Welcome! Login | Register
 

7 Reasons To Hire A Personal Trainer—7 Reasons To Hire A Personal Trainer

Depression In Humans – Differences And How To Defeat It 0—Depression In Humans – Differences And How To…

Bellator Announces 2018 Heavyweight World Grand Prix Featuring Chael Sonnen—Bellator Announces 2018 Heavyweight World Grand Prix Featuring…

Instacart Expands Service in Salem, Adds 100 Jobs—Instacart Expands Service in Salem, Adds 100 Jobs

Portland Trail Blazers Early Season Woes Continue In 2017-18 Season—Portland Trail Blazers Early Season Woes Continue In…

Sunday Political Brunch - The Perils of Party Infighting—November 12, 2017—Sunday Political Brunch - The Perils of Party…

NFC West Mid-Season Recap And Review—NFC West Mid-Season Recap And Review

Rogue Ales & Spirits Launches New Beer at University of Portland Basketball Game—Rogue Ales & Spirits Launches New Beer at…

University Of Washington Men’s Basketball – Rebuilding Starts With The Coaching Staff—University Of Washington Men’s Basketball – Rebuilding Starts…

Sunday Political Brunch: President Trump Had a Roller Coaster Week—November 5, 2017—Sunday Political Brunch: President Trump Had a Roller…

 
 

Fecteau: Dear Mr. Trump, Decertify This

Sunday, October 15, 2017

 

President Donald Trump decertified the Iran nuclear deal because it is purportedly not within our country’s national security interest. This is alarming since by most accounts, Iran was abiding by the conditions. Mr. Trump just sent a message to the world the United States may not fulfill its commitments on critical foreign policy issues; nevertheless, decertify doesn’t mean revoke, and Congress could be the deal’s saving grace.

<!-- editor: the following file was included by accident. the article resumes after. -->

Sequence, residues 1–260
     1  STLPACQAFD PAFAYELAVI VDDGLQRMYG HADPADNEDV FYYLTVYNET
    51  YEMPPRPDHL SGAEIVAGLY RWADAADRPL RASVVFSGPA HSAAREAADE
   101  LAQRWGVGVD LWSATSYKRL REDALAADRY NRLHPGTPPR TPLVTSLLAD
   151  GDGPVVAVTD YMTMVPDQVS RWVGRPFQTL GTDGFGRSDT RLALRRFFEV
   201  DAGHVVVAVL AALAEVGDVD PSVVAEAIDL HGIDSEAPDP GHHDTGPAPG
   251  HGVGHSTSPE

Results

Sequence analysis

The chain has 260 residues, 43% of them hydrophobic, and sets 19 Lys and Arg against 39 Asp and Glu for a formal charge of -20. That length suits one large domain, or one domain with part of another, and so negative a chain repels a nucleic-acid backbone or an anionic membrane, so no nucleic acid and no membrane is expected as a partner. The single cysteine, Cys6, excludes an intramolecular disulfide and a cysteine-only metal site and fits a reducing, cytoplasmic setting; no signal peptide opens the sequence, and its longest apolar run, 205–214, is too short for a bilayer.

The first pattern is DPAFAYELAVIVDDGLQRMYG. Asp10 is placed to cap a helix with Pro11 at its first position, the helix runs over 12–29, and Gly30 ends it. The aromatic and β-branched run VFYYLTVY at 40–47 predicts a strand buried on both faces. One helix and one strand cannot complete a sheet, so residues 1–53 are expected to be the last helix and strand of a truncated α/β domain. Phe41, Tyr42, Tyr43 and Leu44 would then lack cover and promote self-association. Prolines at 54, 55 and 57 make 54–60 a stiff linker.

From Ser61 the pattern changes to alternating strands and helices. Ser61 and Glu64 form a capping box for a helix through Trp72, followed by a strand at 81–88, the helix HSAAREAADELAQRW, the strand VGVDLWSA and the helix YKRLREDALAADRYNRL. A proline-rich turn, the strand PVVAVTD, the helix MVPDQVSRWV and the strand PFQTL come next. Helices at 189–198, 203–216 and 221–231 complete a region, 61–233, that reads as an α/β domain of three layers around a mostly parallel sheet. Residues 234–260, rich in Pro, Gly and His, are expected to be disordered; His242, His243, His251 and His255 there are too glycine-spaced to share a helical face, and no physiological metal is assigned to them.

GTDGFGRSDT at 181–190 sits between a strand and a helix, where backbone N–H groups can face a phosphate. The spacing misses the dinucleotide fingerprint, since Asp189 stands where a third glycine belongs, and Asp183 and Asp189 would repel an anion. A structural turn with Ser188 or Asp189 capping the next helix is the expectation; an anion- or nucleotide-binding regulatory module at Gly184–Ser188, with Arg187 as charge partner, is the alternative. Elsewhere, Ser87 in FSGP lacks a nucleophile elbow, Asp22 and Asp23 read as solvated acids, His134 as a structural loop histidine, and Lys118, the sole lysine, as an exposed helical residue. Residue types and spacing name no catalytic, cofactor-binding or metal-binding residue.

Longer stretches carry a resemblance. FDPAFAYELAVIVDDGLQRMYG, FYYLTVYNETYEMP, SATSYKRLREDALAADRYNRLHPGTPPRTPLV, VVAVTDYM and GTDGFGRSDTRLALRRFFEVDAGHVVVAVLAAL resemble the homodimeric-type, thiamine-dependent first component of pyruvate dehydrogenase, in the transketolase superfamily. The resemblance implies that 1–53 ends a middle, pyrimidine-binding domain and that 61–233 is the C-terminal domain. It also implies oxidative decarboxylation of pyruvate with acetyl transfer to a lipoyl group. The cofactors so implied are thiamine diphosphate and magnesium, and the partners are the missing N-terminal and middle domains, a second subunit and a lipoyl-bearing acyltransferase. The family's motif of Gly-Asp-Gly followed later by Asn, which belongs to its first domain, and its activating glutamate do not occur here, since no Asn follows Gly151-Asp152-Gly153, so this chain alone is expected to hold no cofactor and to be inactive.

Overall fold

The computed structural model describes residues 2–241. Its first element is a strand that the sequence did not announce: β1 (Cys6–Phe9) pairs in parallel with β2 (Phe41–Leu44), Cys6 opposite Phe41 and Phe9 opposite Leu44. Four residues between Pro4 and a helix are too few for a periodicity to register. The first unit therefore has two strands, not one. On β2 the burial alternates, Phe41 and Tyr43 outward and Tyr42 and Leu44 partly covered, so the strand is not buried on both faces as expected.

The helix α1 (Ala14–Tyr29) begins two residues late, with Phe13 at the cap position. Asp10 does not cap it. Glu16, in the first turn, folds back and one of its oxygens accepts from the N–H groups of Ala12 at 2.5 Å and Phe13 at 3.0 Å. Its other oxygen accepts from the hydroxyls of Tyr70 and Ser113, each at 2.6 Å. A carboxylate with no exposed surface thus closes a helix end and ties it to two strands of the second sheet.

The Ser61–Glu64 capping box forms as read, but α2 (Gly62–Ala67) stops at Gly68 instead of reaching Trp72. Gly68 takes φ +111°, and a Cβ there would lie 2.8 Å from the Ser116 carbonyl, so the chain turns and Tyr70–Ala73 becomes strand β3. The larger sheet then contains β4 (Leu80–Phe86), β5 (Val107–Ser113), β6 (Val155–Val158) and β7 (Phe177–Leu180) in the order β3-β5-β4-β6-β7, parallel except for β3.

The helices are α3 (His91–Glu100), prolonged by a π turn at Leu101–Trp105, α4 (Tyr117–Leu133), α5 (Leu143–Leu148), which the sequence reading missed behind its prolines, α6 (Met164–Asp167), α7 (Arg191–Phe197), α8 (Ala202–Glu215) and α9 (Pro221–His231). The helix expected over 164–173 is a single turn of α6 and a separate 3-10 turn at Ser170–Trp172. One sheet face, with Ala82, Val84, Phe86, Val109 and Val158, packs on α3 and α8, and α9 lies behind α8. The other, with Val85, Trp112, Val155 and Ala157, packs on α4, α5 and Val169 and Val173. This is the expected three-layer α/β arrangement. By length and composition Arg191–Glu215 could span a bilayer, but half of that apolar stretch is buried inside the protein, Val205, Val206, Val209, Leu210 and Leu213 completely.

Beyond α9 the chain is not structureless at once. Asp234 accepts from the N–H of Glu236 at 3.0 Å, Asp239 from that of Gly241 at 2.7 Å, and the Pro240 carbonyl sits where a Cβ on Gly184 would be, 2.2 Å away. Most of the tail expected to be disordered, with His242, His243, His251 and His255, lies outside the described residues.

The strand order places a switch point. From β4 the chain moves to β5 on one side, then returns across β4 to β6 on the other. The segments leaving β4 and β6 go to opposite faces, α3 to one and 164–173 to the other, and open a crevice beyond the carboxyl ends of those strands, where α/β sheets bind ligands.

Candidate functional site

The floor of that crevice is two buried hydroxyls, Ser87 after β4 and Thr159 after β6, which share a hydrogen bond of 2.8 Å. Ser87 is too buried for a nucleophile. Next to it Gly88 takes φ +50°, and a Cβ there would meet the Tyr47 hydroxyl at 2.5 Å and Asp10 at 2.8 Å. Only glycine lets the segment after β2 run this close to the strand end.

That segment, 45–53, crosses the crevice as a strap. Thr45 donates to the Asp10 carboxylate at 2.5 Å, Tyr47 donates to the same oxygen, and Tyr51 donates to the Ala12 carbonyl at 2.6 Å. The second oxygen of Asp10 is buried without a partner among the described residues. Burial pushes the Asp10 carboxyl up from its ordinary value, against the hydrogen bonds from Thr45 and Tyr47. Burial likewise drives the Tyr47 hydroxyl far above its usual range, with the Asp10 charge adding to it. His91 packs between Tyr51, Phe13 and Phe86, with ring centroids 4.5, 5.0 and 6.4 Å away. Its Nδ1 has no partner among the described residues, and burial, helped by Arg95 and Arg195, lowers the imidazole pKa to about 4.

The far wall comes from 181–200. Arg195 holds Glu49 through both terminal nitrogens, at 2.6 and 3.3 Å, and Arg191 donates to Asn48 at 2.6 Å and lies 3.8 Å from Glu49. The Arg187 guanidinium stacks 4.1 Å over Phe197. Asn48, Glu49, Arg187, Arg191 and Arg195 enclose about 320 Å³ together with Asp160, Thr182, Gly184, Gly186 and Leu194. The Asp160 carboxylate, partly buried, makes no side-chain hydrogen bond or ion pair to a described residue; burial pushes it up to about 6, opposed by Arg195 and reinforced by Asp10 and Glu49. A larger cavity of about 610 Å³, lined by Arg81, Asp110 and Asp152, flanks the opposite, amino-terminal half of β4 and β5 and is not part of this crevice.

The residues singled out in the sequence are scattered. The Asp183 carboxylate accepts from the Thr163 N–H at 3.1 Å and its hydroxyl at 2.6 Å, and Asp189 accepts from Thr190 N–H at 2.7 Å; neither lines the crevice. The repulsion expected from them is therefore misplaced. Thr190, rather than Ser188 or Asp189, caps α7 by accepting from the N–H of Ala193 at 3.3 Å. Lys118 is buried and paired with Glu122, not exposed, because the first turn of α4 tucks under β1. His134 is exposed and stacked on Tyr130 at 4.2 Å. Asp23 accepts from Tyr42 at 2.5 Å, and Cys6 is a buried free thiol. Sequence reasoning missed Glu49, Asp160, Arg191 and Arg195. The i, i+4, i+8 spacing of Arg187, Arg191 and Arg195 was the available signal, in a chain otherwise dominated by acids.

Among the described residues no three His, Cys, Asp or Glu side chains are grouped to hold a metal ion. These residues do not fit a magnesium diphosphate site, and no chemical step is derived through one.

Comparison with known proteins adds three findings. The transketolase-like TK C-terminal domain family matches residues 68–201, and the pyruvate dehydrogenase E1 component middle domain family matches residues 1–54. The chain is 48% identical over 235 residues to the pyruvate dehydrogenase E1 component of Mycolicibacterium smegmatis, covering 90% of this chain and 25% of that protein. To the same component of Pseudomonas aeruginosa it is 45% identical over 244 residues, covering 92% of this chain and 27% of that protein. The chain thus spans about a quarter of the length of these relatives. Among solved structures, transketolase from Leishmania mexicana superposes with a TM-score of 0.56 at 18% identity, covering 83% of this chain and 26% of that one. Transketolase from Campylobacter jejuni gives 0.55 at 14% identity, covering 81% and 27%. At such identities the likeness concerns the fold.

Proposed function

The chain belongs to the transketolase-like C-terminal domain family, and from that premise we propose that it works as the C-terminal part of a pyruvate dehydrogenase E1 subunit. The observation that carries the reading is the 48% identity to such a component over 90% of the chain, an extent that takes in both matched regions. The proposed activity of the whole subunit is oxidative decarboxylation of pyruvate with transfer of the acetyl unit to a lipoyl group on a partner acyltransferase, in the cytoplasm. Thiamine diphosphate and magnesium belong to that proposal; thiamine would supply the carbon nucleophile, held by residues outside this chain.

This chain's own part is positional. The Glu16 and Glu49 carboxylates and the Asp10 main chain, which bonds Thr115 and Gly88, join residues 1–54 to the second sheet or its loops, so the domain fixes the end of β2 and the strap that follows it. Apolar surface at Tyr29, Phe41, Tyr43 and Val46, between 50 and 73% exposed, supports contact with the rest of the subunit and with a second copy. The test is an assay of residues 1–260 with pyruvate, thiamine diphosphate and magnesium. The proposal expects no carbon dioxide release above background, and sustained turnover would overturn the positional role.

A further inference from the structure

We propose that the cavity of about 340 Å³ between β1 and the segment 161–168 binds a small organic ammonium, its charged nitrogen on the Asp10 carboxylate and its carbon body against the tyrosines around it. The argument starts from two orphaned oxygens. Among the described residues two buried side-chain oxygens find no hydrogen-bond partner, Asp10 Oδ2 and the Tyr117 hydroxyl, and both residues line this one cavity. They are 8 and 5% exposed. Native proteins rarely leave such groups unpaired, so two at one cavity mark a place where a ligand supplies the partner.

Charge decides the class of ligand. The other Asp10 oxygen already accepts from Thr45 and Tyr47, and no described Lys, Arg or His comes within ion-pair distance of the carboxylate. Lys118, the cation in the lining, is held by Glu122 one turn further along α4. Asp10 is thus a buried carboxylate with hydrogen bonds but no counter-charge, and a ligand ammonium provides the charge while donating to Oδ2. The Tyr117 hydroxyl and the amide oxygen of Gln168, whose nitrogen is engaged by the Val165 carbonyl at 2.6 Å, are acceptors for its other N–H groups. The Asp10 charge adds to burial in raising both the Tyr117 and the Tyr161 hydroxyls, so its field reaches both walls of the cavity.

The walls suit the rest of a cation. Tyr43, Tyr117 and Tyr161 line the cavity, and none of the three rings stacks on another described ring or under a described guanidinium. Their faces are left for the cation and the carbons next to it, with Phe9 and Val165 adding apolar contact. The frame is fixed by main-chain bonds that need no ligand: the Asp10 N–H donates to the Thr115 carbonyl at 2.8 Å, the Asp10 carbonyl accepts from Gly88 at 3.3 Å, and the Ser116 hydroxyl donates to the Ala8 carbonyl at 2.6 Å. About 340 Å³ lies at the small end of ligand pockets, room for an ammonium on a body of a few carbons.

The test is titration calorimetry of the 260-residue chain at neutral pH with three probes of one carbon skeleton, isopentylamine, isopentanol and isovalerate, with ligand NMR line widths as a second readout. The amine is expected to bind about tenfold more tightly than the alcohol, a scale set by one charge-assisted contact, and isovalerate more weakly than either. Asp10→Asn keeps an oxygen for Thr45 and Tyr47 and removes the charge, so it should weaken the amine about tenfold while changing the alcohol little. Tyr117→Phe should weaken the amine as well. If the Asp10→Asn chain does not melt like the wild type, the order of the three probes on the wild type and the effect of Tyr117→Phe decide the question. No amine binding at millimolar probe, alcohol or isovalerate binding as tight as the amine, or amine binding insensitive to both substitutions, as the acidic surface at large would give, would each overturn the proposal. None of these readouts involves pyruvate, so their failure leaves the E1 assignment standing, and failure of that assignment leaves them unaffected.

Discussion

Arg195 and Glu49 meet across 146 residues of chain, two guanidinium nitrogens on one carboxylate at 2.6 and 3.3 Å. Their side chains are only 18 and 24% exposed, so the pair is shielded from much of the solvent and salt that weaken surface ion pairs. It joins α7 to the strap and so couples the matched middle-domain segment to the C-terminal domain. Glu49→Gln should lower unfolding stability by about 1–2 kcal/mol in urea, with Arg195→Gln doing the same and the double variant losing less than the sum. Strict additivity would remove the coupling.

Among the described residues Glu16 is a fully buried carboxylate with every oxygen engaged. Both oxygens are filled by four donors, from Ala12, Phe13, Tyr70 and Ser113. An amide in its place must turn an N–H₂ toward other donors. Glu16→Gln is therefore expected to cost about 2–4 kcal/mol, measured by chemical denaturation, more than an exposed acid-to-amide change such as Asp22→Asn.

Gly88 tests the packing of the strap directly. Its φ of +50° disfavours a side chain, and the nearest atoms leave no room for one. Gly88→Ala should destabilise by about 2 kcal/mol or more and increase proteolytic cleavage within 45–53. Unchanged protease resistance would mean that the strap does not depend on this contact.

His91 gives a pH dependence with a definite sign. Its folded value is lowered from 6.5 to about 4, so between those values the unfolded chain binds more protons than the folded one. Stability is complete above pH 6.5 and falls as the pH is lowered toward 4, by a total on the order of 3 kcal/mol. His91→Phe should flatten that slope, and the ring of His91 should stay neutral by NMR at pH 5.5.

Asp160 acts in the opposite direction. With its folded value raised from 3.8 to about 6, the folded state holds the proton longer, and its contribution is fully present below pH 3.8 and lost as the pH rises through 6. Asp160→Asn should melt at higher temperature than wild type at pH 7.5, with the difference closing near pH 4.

Just because Mr. Trump decertified the deal that doesn’t mean stringent U.S. sanctions will be imposed on Iran again – the legislative branch has a say too. Congress will have to decide whether comprehensive sanctions should be imposed on Iran within a 60-day window. If Congress doesn’t act and it may not, the Iran nuclear deal would remain in place until it is up for recertification in 90 days (unless Congress decides to repeal this explicit requirement).

However, even if U.S. sanctions are placed on Iran, will it matter? Not as much as you may think for Iran. The specific sanctions placed on Iran related to its nuclear program packed a punch because they were global in scope. Iran might face some pain if the deal is revoked, but not as much for it doesn’t have the international bite.

Take the U.S. sanction related to terrorism placed on Iran since 1984 as an example. These sanctions did little to deter Iran from terrorist activity and human rights abuses merely because it was almost solely a U.S. driven initiative (comparable to the U.S. embargo on Cuba). That’s right, for all this ‘America First’ nonsense, international support is critical (despite what Mr. Trump says).  Diplomacy is slow, but it pays far more dividends than a ‘go it alone’ strategy -- if only Mr. Trump knew.

Ironically, the United States could be the biggest loser from a newly sanctioned Iran. The United States risks being labeled an international outcast, isolated on the international stage even from its closest allies that are still honoring the deal. In addition, the hardline elements in Iran would have all the propaganda they need to brainwash the next generation of Iranians into believing the United States is the ‘Great Satan.’ The worst outcome yet though, Iran might just resurrect their weaponized nuclear program, putting it on a path toward becoming a full-blown nuclear state.

There is hope that Congress can save this deal by modifying its terms or simply do nothing (what it is good at). Congress should remind Mr. Trump, he is a president, not a king, and there is this thing called ‘checks and balances.’ Decertifying the Iran deal made no sense, but this is what happens when you allegedly put ‘America First’ and common sense last; all thanks to a megalomaniacal reality television star whom we call Mr. President.

Matt Fecteau ([email protected]) is a Master of Public Administration candidate at the Harvard Kennedy School of Government, and an Iraq War veteran. Follow him on Twitter @MatthewFecteau

 

Related Articles

 

Enjoy this post? Share it with others.

 
Delivered Free Every
Day to Your Inbox